Moon administration undermines democracy
Professor Song Ho-geun of Pohang University of Science and Technology (POSTECH) wrote two novels three years ago. As scholar, the sociology professor wrote more than 40 books, which gave him feeling a sense of emptiness as knowledge goes with time, he said. He has come back with the third book “The Birth of a Nation,” completing his trilogy in seven years with “The Birth of the People” and “The Birth of Citizens” which were released in 2011 and 2013 respectively. “The Birth series is based on more than 10 years of extensive research, and I do not feel empty,” he said in an interview with The Dong-A Ilbo at Dong-A Media Center in Seoul’s Jongno District last Tuesday. “I always felt that I had to finish this trilogy first before moving onto new books.”
The theme that runs through the the series is forums in the later days of the Joseon Dynasty and during the Japanese occupation of Korea. His books show how the people, citizens and a nation were born out of religious, political and cultural forums. “The Birth of the People” depicts how the spread of Hangeul allowed for forums among common men and women contributing the creation of the people, while “The Birth of Citizens” follow how the people evolved into modern citizens.
The latest book provides an in-depth look at how citizens had national consciousness under the harsh Japanese rule between 1905 and 1919. Song believes that the abdication of Emperor Gojong gave people a sense of responsibility for saving their country, and a sense of citizenship that was developing in cultural and religious forums, combined with a national identity and historic events, has led to the March 1st Movement. “Citizens become a nation when they are faced with historic events,” the author said. “Throughout the history, civic societies’ evolution into nations is often accompanied by revolutions and wars, and it was the March 1st Movement for South Korea.”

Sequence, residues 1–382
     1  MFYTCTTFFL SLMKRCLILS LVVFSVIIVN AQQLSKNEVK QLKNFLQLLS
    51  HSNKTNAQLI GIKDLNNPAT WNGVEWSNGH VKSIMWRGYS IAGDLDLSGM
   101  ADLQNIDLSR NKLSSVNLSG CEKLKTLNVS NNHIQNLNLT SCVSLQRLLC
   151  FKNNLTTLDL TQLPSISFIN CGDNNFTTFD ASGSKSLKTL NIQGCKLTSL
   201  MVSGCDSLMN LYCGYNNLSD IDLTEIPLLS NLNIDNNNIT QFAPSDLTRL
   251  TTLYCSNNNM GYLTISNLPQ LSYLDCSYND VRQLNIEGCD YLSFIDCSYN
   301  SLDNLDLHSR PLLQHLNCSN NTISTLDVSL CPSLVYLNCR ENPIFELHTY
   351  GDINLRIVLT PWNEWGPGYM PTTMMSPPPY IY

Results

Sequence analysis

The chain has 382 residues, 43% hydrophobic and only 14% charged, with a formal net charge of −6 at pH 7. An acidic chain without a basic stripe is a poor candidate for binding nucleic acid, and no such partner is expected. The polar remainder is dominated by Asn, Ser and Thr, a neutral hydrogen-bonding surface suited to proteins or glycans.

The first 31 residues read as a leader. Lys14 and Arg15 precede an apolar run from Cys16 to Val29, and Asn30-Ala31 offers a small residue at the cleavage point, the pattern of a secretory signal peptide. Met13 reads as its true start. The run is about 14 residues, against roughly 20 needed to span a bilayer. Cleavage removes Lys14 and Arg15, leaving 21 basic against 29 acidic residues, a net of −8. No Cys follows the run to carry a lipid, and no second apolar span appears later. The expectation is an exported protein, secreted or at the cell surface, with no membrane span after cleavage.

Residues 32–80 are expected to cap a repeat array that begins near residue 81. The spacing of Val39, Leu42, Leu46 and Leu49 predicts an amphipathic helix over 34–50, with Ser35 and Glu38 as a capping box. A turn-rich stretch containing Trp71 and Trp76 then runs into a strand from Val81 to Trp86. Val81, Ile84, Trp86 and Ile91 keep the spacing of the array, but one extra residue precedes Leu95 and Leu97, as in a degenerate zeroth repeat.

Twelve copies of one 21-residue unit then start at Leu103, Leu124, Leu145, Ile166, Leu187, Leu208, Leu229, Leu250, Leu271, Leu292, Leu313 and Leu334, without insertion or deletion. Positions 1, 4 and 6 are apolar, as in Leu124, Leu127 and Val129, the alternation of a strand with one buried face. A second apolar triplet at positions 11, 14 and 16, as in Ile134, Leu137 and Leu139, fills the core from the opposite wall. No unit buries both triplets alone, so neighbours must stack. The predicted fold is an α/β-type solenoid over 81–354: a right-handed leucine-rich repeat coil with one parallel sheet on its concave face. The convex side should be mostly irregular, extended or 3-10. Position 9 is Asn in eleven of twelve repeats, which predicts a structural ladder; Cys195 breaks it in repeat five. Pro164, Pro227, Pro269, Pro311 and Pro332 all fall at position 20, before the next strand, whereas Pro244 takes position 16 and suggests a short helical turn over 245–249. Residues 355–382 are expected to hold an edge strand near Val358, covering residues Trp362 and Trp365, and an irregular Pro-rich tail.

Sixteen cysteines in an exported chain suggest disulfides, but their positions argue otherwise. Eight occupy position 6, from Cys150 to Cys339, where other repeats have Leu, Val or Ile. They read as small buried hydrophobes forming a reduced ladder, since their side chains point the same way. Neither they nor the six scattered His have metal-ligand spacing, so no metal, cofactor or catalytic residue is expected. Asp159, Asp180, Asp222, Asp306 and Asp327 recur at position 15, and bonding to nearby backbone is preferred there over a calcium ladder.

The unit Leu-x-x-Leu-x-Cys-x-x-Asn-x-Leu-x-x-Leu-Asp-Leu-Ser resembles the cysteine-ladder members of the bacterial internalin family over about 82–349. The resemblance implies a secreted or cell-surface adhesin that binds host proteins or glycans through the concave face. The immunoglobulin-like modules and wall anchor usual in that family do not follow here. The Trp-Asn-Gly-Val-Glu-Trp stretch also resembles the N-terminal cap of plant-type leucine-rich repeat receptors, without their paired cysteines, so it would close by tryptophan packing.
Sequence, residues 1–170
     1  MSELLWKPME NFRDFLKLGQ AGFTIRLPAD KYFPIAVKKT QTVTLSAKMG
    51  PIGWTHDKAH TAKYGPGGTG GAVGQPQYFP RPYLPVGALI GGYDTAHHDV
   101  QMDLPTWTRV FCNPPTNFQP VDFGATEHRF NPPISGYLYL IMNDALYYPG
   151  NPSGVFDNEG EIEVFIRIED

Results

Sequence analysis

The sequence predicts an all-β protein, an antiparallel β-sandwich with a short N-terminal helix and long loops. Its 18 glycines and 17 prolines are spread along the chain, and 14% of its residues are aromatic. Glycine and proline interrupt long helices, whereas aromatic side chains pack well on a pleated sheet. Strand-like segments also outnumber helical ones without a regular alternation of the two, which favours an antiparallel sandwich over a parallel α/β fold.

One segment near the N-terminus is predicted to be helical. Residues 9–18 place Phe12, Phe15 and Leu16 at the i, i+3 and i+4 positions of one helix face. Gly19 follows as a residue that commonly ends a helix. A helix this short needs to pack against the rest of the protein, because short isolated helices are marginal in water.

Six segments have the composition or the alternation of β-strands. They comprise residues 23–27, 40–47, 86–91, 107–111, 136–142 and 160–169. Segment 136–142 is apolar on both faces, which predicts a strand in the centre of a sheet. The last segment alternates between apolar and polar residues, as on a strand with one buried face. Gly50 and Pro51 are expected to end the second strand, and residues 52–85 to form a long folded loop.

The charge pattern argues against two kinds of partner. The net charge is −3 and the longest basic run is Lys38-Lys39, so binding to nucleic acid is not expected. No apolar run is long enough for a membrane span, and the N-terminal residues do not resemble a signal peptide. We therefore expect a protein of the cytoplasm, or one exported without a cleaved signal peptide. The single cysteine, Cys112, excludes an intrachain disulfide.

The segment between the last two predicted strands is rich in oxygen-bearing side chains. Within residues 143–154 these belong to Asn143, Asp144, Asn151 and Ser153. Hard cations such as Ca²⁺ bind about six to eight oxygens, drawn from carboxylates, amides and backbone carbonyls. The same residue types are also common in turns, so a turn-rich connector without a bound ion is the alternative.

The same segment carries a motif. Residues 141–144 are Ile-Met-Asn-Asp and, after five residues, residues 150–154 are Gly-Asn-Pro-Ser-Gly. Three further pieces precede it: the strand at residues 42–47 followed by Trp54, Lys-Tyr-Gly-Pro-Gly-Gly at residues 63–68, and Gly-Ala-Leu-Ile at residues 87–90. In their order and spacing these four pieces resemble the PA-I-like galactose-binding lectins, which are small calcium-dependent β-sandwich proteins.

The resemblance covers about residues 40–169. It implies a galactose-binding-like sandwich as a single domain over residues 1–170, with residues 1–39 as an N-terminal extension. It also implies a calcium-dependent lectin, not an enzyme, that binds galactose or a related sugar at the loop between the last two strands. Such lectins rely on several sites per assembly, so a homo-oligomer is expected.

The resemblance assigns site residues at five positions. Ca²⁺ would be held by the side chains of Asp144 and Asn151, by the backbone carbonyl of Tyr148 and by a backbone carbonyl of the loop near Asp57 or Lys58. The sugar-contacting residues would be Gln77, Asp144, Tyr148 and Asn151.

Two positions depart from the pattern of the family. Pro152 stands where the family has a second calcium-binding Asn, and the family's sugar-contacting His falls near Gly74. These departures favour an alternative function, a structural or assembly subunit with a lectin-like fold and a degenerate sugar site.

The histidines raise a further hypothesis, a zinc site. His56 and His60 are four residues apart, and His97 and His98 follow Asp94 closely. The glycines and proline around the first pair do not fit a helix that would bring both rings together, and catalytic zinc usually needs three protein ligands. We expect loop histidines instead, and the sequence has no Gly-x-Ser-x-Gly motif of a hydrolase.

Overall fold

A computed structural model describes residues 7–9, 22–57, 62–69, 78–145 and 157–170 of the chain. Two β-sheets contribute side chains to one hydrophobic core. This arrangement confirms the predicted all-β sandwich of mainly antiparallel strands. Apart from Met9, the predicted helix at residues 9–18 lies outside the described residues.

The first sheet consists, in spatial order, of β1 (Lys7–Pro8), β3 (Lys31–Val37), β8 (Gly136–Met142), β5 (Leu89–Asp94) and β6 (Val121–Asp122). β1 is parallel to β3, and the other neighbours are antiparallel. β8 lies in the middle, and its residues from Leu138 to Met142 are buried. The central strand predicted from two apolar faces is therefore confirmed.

What would Professor Song make out of South Korea today after spending 13 years in studying forums? “The Moon Jae-in administration has closed doors on people who have different opinions, saying they do not know justice,” Song said, pointing out the lack of forums. “They are a group of people with similar backgrounds and ideals who are trying to defend ‘their democracy’ that they have protected since the 1980s at the expense of democracy. They are not much different from the Park Geun-hye administration that shut itself down when they were attacked by others.”
When asked if there would be his fourth book that depicts the modern era, Song said, “It is too early,” adding that studying the developments of forums after the Korean War would be challenging given that South Korea has become a multi-faith society. “I am toying with the idea of writing a novel about Yoo Gil-chun, an activist of Korea’s late Joseon Dynasty who argued for opening the doors to other countries.”
Go-Ya Choi email@example.com